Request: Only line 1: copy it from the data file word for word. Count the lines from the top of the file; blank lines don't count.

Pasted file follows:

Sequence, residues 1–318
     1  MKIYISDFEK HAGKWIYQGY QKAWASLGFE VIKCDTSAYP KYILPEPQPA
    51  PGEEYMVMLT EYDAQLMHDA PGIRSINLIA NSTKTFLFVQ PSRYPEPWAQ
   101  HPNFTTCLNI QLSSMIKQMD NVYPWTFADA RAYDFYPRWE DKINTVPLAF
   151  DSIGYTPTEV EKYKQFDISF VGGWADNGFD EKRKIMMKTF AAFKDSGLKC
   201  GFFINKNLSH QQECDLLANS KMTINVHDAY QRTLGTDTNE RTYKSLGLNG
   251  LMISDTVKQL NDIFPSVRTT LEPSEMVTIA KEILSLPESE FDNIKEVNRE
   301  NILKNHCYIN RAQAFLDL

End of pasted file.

Sequence, residues 1–318